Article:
Project description:Background E-cigarettes are the most popular aid to smoking cessation attempts in England and the USA. This research examined associations between e-cigarette device characteristics and patterns of use, tobacco-smoking relapse, and smoking abstinence. Methods A convenience sample of 371 participants with experience of vaping, and tobacco-smoking abstinence and/or relapse completed an online cross-sectional survey about e-cigarettes. Factors associated with smoking relapse were examined using multiple linear and logistic regression models. Results Most participants were self-reported long-term abstinent smokers (86.3%) intending to continue vaping. Most initiated e-cigarette use with a vape pen (45.8%) or cig-a-like (38.7%) before moving onto a tank device (89%). Due to missing data, managed through pairwise deletion, only around 70 participants were included in some of the main analyses. Those using a tank or vape pen appeared less likely to relapse than those using a cig-a-like (tank vs. cig-a-like OR?=?0.06, 95% CI 0.01–0.64, p?=?0.019). There was an inverse association between starting self-reported e-cigarette liquid nicotine concentration and relapse, interacting with device type (OR?=?0.79, 95% CI 0.63–0.99, p?=?0.047), suggesting that risk of relapse may have been greater if starting with a low e-cigarette liquid nicotine concentration and/or cig-a-like device. Participants reported moving from tobacco-flavored cig-a-likes to fruit/sweet/food flavors with tank devices. Conclusions Knowledge of how people have successfully maintained tobacco-smoking abstinence using vaping could help other tobacco smokers wishing to quit tobacco smoking through vaping.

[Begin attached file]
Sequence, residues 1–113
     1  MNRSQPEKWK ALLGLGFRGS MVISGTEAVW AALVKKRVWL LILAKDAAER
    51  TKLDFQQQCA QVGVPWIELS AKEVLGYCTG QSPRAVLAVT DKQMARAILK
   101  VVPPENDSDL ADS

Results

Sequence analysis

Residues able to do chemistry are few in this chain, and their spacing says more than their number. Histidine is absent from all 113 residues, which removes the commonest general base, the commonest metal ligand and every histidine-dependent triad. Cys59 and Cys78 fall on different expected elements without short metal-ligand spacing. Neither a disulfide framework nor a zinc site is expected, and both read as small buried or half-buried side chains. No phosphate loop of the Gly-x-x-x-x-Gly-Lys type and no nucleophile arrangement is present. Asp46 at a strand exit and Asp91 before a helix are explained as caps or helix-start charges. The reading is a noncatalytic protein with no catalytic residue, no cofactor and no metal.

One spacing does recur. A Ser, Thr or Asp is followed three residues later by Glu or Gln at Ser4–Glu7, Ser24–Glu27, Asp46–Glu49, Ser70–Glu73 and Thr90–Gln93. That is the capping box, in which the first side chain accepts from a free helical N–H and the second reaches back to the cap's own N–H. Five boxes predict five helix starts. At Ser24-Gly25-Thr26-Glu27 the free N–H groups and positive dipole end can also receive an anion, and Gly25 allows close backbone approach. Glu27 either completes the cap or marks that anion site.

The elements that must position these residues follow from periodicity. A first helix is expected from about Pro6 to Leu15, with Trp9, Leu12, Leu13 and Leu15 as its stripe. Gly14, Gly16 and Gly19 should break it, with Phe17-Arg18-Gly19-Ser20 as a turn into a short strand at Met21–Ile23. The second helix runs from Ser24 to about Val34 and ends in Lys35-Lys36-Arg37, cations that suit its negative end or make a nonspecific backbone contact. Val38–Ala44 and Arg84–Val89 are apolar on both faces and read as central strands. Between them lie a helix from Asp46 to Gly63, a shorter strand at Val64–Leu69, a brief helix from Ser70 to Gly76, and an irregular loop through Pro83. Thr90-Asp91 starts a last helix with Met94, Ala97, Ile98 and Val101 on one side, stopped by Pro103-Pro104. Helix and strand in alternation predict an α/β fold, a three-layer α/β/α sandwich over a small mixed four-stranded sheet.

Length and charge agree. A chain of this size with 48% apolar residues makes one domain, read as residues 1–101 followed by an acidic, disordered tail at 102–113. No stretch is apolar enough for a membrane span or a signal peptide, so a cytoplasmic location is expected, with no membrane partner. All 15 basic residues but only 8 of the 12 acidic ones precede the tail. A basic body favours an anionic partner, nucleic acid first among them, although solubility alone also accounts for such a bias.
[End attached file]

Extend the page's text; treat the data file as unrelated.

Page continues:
Project description:BACKGROUND:Electronic cigarettes (e-cigarettes) have become popular, in part because they are perceived as a safer alternative to tobacco cigarettes. An increasing number of studies, however, have found toxic metals/metalloids in e-cigarette emissions. OBJECTIVE:We summarized the evidence on metal/metalloid levels in e-cigarette liquid (e-liquid), aerosols, and biosamples of e-cigarette users across e-cigarette device systems to evaluate metal/metalloid exposure levels for e-cigarette users and the potential implications on health outcomes. METHODS:We searched PubMed/TOXLINE, Embase®, and Web of Science for studies on metals/metalloids in e-liquid, e-cigarette aerosols, and biosamples of e-cigarette users. For metal/metalloid levels in e-liquid and aerosol samples, we collected the mean and standard deviation (SD) if these values were reported, derived mean and SD by using automated software to infer them if data were reported in a figure, or calculated the overall mean (mean ± SD) if data were reported only for separate groups. Metal/metalloid levels in e-liquids and aerosols were converted and reported in micrograms per kilogram and nanograms per puff, respectively, for easy comparison. RESULTS:We identified 24 studies on metals/metalloids in e-liquid, e-cigarette aerosols, and human biosamples of e-cigarette users. Metal/metalloid levels, including aluminum, antimony, arsenic, cadmium, cobalt, chromium, copper, iron, lead, manganese, nickel, selenium, tin, and zinc, were present in e-cigarette samples in the studies reviewed. Twelve studies reported metal/metalloid levels in e-liquids (bottles, cartridges, open wick, and tank), 12 studies reported metal/metalloid levels in e-cigarette aerosols (from cig-a-like and tank devices), and 4 studies reported metal/metalloid levels in human biosamples (urine, saliva, serum, and blood) of e-cigarette users. Metal/metalloid levels showed substantial heterogeneity depending on sample type, source of e-liquid, and device type. Metal/metalloid levels in e-liquid from cartridges or tank/open wicks were higher than those from bottles, possibly due to coil contact. Most metal/metalloid levels found in biosamples of e-cigarette users were similar or higher than levels found in biosamples of conventional cigarette users, and even higher than those found in biosamples of cigar users. CONCLUSION:E-cigarettes are a potential source of exposure to metals/metalloids. Differences in collection methods and puffing regimes likely contribute to the variability in metal/metalloid levels across studies, making comparison across studies difficult. Standardized protocols for the quantification of metal/metalloid levels from e-cigarette samples are needed. https://doi.org/10.1289/EHP5686.